In deepening tensions between the government and the judiciary, the Pakistan's Supreme Court has issued an ultimatum to embattled to Prime Minister Yousuf Raza Gilani directing him to "immediately" write to Swiss authorities to revive graft cases against the President.
The seven-judge bench led by Justice Nasir-ul-Mulk said on Thursday that Gilani should write a letter to the Swiss authorities without waiting to seek the advice of his legal experts.
The bench further directed Gilani to submit a report giving details of the action taken by him at the next hearing on March 21. Attorney General of Pakistan Maulvi Anwarul Haq was directed to convey the directives of the Supreme Court to the premier "immediately".
It issued the directive while hearing a case regarding the implementation of its earlier order striking down a graft amnesty that had benefited President Asif Ali Zardari and over 8,000 others.
In the past, the premier has told the court that his legal advisors had informed him that the cases against Zardari could not be revived as the constitution provides immunity to the President.
The same seven-judge bench also took up contempt proceedings initiated against Gilani for failing to act on the court's orders to reopen cases against Zardari.
Emerging from the hearing, Gilani's lawyer Aitzaz Ahsan told reporters that the bench had asked the premier to submit a detailed statement by March 19 or to appear in person and record his statement on March 21, failing which final arguments would get underway.
The bench issued this direction after the Attorney General, the prosecutor for the contempt case, cross-examined Cabinet Secretary Nargis Sethi, who is appearing as a witness.
"If he (Gilani) makes a statement, the final arguments will begin from March 21," Ahsan said.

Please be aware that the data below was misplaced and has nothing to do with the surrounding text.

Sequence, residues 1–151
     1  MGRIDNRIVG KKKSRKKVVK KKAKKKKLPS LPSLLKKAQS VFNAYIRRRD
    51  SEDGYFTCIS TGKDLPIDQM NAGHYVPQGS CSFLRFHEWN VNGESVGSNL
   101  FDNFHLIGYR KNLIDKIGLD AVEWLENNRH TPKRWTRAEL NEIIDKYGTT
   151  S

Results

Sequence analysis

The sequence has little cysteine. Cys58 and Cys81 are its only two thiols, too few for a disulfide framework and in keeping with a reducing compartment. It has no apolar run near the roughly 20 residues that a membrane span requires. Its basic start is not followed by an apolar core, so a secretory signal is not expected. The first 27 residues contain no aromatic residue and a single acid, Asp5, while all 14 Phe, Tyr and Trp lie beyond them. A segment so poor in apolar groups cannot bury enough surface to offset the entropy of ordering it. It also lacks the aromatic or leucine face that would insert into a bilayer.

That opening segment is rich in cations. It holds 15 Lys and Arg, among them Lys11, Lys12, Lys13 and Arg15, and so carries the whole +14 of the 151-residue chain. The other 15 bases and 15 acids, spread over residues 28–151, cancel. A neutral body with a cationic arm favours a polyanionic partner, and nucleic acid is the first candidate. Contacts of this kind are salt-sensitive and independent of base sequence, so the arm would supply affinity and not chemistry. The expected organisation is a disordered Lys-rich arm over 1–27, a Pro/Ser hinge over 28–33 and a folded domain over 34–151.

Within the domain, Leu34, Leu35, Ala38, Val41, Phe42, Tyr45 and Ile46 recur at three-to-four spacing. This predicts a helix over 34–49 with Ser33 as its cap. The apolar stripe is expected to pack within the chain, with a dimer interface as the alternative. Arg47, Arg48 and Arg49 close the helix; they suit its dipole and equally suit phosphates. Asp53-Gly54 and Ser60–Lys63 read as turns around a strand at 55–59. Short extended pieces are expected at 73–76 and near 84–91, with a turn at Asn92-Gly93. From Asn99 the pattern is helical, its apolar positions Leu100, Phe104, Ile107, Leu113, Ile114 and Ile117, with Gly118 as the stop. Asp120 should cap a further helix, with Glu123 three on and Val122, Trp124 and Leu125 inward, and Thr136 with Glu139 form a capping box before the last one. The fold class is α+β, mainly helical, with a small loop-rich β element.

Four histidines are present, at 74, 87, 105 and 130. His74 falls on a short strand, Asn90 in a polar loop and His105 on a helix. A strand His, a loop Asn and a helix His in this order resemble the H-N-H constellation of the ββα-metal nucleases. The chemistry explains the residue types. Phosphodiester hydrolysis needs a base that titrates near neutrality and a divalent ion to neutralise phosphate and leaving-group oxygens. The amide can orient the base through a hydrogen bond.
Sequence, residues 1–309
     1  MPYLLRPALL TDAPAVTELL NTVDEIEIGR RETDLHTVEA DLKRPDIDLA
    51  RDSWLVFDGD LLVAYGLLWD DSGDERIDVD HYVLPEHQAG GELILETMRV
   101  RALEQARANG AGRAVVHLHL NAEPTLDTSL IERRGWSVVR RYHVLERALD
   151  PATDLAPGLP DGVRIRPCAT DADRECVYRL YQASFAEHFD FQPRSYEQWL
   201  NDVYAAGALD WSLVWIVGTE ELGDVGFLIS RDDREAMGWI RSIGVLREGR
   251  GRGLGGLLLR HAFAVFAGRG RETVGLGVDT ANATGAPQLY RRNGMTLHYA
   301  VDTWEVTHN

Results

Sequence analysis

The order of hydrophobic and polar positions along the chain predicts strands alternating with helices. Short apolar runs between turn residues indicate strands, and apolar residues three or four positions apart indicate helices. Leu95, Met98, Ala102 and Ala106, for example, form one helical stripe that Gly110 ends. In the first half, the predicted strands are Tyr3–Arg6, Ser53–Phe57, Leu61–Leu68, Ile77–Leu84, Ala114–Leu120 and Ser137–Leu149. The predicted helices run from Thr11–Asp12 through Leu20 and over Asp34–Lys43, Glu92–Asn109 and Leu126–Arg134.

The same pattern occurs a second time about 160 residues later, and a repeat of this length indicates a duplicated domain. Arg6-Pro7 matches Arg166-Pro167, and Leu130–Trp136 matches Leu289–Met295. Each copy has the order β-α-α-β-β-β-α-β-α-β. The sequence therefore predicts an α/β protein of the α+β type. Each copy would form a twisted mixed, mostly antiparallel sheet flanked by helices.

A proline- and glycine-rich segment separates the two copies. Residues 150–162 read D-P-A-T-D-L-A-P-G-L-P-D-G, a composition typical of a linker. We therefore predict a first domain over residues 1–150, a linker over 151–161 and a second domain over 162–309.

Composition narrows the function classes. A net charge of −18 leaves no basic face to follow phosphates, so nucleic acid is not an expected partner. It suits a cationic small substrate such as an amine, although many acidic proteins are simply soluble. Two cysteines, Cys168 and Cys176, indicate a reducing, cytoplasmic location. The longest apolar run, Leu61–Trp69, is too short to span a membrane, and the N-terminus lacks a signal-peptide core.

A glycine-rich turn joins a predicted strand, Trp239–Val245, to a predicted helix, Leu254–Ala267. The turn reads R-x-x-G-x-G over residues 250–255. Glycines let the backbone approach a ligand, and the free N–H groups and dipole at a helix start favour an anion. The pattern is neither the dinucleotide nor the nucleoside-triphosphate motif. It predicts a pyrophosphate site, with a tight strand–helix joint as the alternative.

In 2008, Swiss authorities closed a $60 million money laundering case against Zardari on the request of Pakistan. The Supreme Court recently indicted Gilani for contempt of court after he refused to act on orders to reopen cases of alleged money laundering against Zardari in Switzerland.
The apex court has been pressuring the government to revive the cases since December 2009, when it struck down the National Reconciliation Ordinance, a graft amnesty issued by former military ruler Pervez Musharraf. The government has refused to act, saying the President enjoys complete immunity from prosecution within Pakistan and abroad.
Ahsan contended that the prosecution had not proved its case as it had only produced the Supreme Court's past orders.
"As long as a person is President, he cannot be pushed before a judge in a foreign country," he remarked. The premier was advised by officials that the cases against Zardari could not be reopened, he said.
Subsequently, Gilani wrote to officials that the Supreme Court should be taken into confidence on the government's view but the court did not take up the matter for over a year, he said.
"It was only in January 2012 that the Supreme Court took up the issue. People can sharpen their knives but we have genuinely proved our case. We have a good case," Ahsan said.
If convicted, 59-year-old Gilani could be jailed for six months and face the possibility of being disqualified. In a separate case, a two-judge bench of the Supreme Court said former Law Minister Babar Awan, a confidant of Zardari, would be formally indicted for contempt of court on March 20.
Awan, who was recently appointed vice-president of the ruling Pakistan People's Party, was issued a notice last year to explain why contempt proceedings should not be initiated against him for remarks he made about the judiciary during a news conference. The bench rejected Awan's explanation and said he would now be indicted.